7 : 30 am we got packing and headed for the road to hopefully catch the morning traffic. Got our lift 10am by an English young couple in a campavan they purchased in Auckland for 6,000 NZD. Their plan is to travel for 12 months, and find a place to maybe stay and work for 3 months, then maybe consider living here for good.
We started Cape Reinga at 11am. Within the first hour we stopped and had lunch or breakfast – our first meal for the day – while we waited for the tide to go out so we could continue walking at low tide on the beach.
Camping at Twilight Beach: We walked 14km for the day, arrived at 4:40pm. Tank water available with two toilets and cooking area with shaded tables. Great place in the event of rain. 9 people on our first day at the campsite (one American woman that talks a lot, couple NZ, couple Scottish, rest New Zealand). Funny thing: we were the first to reach the camp site and found a travel book, big and heavy, along with a large bag of oats, apple and biscuit: obviously they had carried too much and dumped stuff to reduce some weight, the book alone must have been a kg. Sleep early, just as the sun sets and we watch it happen from our tent overlooking the sea. We definitely carried too much food: my backpack must be at no less than 20kgs or over, doesn’t help that we filled up with 4 liters of water each, and enough food for 10 days. All this because it was gifted / sponsorshipped to us – and enough energy bars for two weeks.
Day 3 – Tuesday 4th October – Pain in hips and knees
40km completed. Today we walked 26km from Twilight to campsite. Today was tough, really tough, my while body aches from my heavy backpack. Eunhwa had problems with her knee but she worked through it. Out of 8 people we were the last to arrive: late at 18: 15 with a start time 8:30. My hips are screaming out from pain. It was worse after a 10 minute rest and the pain was unbelievable but if Eunhwa can do it with her knee problem, I had to too. Most of the way was high tide which means we had to walk up away from the water and into the soft sand, pain for me behind the knees and calf.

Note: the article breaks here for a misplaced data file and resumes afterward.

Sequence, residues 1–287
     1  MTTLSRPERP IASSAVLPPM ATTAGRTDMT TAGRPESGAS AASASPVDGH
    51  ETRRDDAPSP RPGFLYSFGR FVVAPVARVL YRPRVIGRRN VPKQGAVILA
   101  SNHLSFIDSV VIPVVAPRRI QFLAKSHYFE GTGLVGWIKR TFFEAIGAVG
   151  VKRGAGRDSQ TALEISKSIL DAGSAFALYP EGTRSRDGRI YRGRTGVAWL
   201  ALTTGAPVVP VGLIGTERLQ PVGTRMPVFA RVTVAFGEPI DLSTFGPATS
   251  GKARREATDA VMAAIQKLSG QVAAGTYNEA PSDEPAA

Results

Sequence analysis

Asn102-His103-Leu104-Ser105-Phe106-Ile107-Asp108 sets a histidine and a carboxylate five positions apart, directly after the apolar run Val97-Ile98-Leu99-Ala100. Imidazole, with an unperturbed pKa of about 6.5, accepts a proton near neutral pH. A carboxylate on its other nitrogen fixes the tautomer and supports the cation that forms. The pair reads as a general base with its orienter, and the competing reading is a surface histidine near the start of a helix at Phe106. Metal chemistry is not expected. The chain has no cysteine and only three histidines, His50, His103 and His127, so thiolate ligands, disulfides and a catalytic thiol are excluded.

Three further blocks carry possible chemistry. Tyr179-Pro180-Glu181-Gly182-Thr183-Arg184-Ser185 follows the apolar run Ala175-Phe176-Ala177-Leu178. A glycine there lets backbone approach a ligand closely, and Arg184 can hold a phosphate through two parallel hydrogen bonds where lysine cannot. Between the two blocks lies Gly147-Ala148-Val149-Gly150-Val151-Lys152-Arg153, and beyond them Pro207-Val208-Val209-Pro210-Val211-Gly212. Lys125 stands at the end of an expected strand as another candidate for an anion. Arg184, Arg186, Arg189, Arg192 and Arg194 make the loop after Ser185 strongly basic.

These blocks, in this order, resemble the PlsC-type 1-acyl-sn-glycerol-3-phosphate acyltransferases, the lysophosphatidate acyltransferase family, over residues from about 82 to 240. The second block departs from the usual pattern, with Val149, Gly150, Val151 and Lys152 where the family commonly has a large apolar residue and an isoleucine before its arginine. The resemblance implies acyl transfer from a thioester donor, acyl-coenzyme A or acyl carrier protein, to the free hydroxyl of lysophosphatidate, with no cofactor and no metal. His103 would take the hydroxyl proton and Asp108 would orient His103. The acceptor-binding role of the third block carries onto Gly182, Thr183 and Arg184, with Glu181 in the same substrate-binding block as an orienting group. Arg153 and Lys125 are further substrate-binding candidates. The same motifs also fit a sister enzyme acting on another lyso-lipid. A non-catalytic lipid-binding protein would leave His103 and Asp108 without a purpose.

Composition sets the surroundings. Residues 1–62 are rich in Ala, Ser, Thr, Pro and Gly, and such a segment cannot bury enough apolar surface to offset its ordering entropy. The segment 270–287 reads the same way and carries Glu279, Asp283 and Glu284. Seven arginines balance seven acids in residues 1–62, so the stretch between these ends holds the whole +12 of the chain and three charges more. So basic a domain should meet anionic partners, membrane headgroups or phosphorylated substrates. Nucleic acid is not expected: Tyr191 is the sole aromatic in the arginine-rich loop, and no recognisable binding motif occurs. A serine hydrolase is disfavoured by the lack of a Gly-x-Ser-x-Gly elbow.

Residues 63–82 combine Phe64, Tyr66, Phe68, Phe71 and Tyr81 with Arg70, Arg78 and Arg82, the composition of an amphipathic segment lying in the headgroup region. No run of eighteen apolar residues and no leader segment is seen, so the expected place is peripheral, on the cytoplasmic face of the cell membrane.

Day 4 – Wednesday 5th October – Pain in feet
Great day weather wise, but Eunhwa was in much pain: her blisters on the pad of her foot were filled with liquor and blood. She screamed with pain and at times just wanted to throw in the towel and give up for the day.
Midday we rested as the high tide was forcing us to walk onto the soft sand which really slowed us down and made for tiring work. For an hour we rested with an elderly couple in their 60’s that have taken on the Te Araroa challenge but with a larger time frame than us: 6 months. And lucky for them, they have a backup/support crew travelling north to south with them in a Camper Van. As we laid there resting, naturally we fell asleep. That was until Eunhwa screamed at us to get up quickly. The tide was certainly coming in and as I grabbed my backpack the wave had just damped my camera case: fortunately not enough to get my camera wet. My feet were also getting sore; new boots that haven’t been worn in were the problem. These were mail ordered from America and were the exact same type and size as my other pair and they fitted like a glove from day one.
We made it to the camp site. It was a paid site this time of 10 dollars per person if in a tent, and it supplied kitchen, shower and water. But strange Eunhwa didn’t want to stay (it was only 250 bath each, I said), so we carried on for another one km then found a nice sheltered spot in the sand dunes where we set up camp on soft vegetation. Later, Eunhwa said that she got the conversation of the currency wrong and thought it was much more expensive and the new camp site was just taking advantage of the Te Araroa walkers. We decided to head off early the next morning so with the alarm clock set at 5am we both crashed, waking only occasionally with the rain and wind hitting our tent.